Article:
The different way the story handled male and female characters made me faintly uncomfortable. All of them had something awful in their past which informed their current behaviour. The Viking, along with his Viking chums, apparently raped, pillaged and slaughtered in the manner of a badly-researched Berkserker. But he was a changed man, and prepared to give himself up to a gang of warriors for justice if they let him save his friend, so actually all that raping and slaughtering was completely forgiven.
Nala was once promised to Death by her people as a sacrifice, and that left her cold and stand-offish. She turned Death down, even though it might kill her new friends, and she was still cold and stand-offish and, really, didn’t change at all except that somehow that made it rain. Kind of. What?
Rina was a thief, who kept stealing stuff, even to the point of stealing everyone else’s valuables when they needed them most. But she was sold into slavery as a child by her parents, and used that memory to defeat a (female) demon, so everyone liked her after that. She hadn’t changed, it was just that she used her degradation in the service of saving the menfolk, so that made it worthwhile having her around.
And Taryn, arguably the most potent of the female characters. Evil for the sake of evil. Compare with Lord Akbari, whose insane, murderous intent could at least be hand-waved as the effect of extreme grief.
I don’t like Sinbad. There’s this weird, corner-of-the-eye disparity between the handling of the male characters and the female ones, and not in a good or justifiable way. Plus it’s another instance of the plot being the over-riding driver, resulting in characters doing implausible things because the plot requires that they do so.
I think it’s time to buy the Blake’s 7 box set to remind myself of how such a show should be done, before they ruin it with a remake.
Off work sick with a severe chest complaint that this morning has seen the doctor put me on Hulkinator medication and yet another course of antibiotics1. So, apart from doing a bit more research and coming up with a whole new line of plot to explore for the Russian piece (working title Winter’s Weeping) and fiddling about a bit with ideas for the fixed-gear zombie utopian near-future piece (Carmageddon? And yes, I did say utopian, if only because cycling on the M4 around Bristol has been a long-standing fantasy of mine), I’ve been pondering the last two episodes of Doctor Who.
I’m a fan. I’m not a Whovian, because my credentials extend only as far as owning the box sets for Eccleston onwards and watching certain episodes of Tennant’s run when I’m in serious need of cheering up. I haven’t read or listened to any of the extended universe (with the exception of the Minister of Chance) and have no desire to buy any of the classic titles with Tom Baker or the rest. Well. Maybe the Romana episodes, but only Romana 1. I admit that I own a copy of the terrible movie, number 8’s only TV outing, poor chap, and have a better than average grasp on how the Time War is supposed to have affected his mental state in the ensuing generations (and then only because the average person couldn’t give a stuff). But that’s as far as it goes. Seriously.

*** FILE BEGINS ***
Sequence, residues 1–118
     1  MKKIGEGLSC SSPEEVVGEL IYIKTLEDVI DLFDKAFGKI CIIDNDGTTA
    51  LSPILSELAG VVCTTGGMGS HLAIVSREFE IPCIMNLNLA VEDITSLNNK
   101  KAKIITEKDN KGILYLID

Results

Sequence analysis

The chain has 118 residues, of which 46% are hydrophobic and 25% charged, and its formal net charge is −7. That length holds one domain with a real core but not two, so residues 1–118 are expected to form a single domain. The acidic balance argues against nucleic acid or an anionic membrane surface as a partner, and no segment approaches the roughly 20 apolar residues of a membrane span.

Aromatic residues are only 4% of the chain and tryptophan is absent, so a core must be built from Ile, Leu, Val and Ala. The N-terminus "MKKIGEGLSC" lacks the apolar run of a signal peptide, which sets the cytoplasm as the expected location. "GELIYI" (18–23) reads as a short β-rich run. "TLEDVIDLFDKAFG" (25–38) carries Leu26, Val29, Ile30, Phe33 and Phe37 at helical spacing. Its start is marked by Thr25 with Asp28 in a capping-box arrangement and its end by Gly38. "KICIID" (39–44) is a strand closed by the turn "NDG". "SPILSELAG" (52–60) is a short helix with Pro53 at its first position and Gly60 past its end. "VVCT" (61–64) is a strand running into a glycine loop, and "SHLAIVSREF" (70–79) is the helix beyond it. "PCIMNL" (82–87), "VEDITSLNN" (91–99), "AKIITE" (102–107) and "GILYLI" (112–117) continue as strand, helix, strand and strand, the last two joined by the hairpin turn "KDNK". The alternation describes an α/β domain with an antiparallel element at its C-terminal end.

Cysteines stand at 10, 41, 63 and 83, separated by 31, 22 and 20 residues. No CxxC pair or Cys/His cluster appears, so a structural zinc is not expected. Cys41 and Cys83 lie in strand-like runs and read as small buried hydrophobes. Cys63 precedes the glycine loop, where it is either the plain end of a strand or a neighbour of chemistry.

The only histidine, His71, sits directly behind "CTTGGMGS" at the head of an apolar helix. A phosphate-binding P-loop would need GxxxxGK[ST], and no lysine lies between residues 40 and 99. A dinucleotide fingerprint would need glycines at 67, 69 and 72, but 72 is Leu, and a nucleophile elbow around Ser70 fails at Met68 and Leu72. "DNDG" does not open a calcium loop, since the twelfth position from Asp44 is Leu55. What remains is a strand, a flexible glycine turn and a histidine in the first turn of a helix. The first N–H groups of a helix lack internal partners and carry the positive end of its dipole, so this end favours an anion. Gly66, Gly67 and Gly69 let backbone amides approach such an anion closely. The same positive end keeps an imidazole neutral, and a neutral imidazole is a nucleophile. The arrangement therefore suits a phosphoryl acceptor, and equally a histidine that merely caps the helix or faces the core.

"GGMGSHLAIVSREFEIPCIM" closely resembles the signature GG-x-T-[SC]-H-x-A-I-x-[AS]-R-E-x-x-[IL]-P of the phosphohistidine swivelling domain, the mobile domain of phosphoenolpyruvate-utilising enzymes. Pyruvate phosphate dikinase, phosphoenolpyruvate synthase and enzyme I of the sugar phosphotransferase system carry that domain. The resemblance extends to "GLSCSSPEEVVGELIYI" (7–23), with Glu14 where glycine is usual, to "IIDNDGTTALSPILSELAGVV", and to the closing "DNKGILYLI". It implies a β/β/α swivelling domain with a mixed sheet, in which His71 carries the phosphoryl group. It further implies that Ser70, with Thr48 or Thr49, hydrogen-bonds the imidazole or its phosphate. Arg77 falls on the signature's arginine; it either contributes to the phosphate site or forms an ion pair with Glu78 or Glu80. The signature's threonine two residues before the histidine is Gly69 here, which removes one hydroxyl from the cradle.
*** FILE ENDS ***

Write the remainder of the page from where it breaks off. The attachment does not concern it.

That makes me a bad fan. I’m pretty bad at being a fan in general. I’m a bad Marvel fan, too.
Why am I a bad fan? Well, as far as I can tell, the job of a fan is to squee relentlessly about how awesome something is and find excuses for any and all flaws (cough Liev Schreiber cough the hair cough what they did to Deadpool cough NO I HAVEN’T FORGIVEN THEM coughcoughcoughcoughcough). A fan is not supposed to hold up a creator’s offering and judge it with a critical eye. One is supposed to celebrate the NEW and EXCITING style and the INNOVATIVE use of VISUALS and HIGH DRAMA.
David Tennant got me interested in the New Who. It was his fault. Tennant’s Who was brilliant, genius, dappy, occasionally unpredictable, deeply flawed and carrying a deep, desperate sadness inside him because he knew where the bottom line was and knew what it was like to stand there and hold fast despite everything in the universe wanting nothing more than him to give up and give in. Where Number 9 was still on the rebound from the Time War, Number 10 had come to grips with the awfulness of what had happened and the things he had done. He wanted to be better than that while still knowing, somewhere, that he was already the best because there was no one else.
He was that kind of man.
I was sad when Tennant left, but Matt Smith’s entrance showed promise and it was Stephen “Blink” Moffat who was taking over. Stephen “I wrote all the really good ones” Moffat. I mean, it couldn’t not be good, right?
And yet, by the time I’d got to the end of the series and was gnashing my teeth over the Bill & Ted ending (acausal loops being a particular bugbear of mine), the complaints regarding Russell T Davies’s tendency towards the Doctor = magic/God/Messiah were looking unfair, to say the least. RTD’s Doctor had limitations. Even at the end, in Waters Of Mars, when he did get a bit God-complexy, the humans turned round and demonstrated that he was really being monstrous and that limitations on power are a good thing. Doctor Ten said “Time can be rewritten” and did so. But the people who needed to die still died.